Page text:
We strolled by Winchester College, a boarding school founded in 1382 for the sons of the influential. It is touted as the oldest continuously running school in the country. Its student body of around 700 still uses the original medieval buildings. Shocking fact: the very first women will be admitted this coming academic year!

All that remains of Winchester Castle is William the Conqueror’s Great Hall, a treasure from the 13th century. It’s long and narrow with a stone floor and magnificent wood ceiling. Hanging on the wall at one end is the greatest symbol of medieval mythology, King Arthur’s round table. The reality of a real King Arthur is still debated, but the issue of the table being his has finally been laid to rest. If Arthur existed, he lived in the 700s. Modern technology dates the table to 1290. It is beautifully painted with a likeness of Henry VIII and a Tudor rose.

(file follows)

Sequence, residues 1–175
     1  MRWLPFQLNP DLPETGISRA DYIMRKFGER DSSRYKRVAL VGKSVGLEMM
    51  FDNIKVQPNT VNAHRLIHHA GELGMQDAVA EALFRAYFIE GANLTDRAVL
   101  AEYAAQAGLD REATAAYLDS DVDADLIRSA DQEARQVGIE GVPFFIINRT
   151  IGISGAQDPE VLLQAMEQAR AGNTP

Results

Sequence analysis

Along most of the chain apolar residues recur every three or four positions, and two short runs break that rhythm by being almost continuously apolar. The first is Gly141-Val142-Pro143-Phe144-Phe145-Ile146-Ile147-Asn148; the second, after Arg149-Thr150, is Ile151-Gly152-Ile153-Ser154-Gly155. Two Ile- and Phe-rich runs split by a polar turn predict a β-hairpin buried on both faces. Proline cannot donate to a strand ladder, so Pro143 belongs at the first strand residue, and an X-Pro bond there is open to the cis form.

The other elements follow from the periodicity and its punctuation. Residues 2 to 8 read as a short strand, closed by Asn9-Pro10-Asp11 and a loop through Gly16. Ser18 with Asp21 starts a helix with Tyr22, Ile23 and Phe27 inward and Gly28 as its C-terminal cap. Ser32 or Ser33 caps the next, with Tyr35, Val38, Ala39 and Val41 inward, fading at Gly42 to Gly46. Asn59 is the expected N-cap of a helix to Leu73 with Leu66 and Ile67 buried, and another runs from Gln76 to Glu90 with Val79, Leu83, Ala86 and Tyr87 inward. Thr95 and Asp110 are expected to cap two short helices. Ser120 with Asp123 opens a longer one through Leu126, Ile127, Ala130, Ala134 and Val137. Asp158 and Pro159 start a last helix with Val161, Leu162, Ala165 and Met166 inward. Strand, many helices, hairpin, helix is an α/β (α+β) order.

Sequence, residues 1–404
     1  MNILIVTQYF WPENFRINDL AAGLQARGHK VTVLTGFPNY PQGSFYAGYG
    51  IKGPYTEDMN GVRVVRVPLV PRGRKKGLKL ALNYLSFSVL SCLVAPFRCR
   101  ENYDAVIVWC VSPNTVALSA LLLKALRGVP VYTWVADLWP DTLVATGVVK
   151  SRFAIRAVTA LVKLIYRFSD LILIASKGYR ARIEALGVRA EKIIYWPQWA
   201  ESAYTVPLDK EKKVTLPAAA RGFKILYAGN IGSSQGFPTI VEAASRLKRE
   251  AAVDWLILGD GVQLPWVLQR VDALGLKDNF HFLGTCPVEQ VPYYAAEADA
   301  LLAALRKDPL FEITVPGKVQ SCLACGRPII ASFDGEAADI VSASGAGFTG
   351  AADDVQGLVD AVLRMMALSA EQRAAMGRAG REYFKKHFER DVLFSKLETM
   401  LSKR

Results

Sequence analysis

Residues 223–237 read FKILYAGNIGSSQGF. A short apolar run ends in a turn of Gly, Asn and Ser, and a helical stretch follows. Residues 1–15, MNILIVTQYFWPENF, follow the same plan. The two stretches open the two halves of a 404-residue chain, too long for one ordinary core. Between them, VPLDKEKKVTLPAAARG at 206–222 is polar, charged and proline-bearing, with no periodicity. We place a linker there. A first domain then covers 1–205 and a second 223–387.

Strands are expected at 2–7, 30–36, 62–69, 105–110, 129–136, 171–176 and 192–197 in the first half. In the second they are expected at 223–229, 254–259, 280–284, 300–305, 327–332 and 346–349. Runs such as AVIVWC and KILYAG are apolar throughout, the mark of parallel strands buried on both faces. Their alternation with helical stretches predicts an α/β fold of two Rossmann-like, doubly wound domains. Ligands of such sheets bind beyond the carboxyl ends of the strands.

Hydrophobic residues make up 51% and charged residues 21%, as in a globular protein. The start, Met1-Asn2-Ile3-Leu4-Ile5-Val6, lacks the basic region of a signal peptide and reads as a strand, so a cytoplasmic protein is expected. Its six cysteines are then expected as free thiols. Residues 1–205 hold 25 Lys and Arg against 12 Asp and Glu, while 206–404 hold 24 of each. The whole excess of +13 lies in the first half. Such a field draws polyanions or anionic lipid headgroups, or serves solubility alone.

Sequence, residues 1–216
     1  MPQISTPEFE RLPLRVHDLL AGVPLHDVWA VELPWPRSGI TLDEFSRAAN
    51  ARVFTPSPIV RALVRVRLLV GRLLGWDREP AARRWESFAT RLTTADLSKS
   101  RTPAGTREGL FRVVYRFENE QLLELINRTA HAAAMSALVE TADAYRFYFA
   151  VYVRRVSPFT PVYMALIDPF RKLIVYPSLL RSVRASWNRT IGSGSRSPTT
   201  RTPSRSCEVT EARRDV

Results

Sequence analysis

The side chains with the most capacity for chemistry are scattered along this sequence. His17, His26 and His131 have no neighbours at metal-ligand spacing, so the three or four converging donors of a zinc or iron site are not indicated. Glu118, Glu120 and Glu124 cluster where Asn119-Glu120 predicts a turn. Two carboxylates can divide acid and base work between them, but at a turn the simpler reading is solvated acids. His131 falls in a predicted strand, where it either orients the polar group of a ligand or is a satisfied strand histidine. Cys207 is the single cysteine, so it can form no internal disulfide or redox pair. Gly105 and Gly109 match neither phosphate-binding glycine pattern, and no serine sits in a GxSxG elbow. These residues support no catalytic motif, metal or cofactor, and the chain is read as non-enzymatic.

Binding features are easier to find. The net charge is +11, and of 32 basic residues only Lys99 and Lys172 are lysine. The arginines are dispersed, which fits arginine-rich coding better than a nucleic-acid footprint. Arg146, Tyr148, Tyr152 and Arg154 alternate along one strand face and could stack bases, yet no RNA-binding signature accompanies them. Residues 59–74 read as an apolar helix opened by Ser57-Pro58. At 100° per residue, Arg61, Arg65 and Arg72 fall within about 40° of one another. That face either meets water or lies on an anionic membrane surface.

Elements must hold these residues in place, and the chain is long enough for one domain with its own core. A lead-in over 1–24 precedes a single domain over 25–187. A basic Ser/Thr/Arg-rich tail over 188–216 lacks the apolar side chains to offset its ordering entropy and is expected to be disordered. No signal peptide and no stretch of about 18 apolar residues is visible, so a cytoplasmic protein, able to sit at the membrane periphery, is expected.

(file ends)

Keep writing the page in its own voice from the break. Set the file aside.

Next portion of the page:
Our stroll from place to place took us through beautiful small parks and gardens and the house where Jane Austin died. We learned about handkerchief trees, so named because their flowers look like white handkerchiefs hanging from the branches. We passed buildings, walls, and gates made of flint and learned this brownish colored stone was a) obviously plentiful in the day and b) made millennia ago of countless petrified sea sponges. We did not see that coming. We heard the sad story of an innocent lady as we stood in front of a centuries old timbered building. She went on trial on trumped up charges as a sort of revenge move to get back at her wayward but powerful husband. The jury found her innocent. The judge said try again. They found her innocent a second and third time and the judge said try again with the caveat that if they did not get it right this time they would all go to prison. Sure enough, she was finally found guilty and beheaded in front of the building where we stood. The judge wanted her burned to death but the king insisted that some mercy be shown.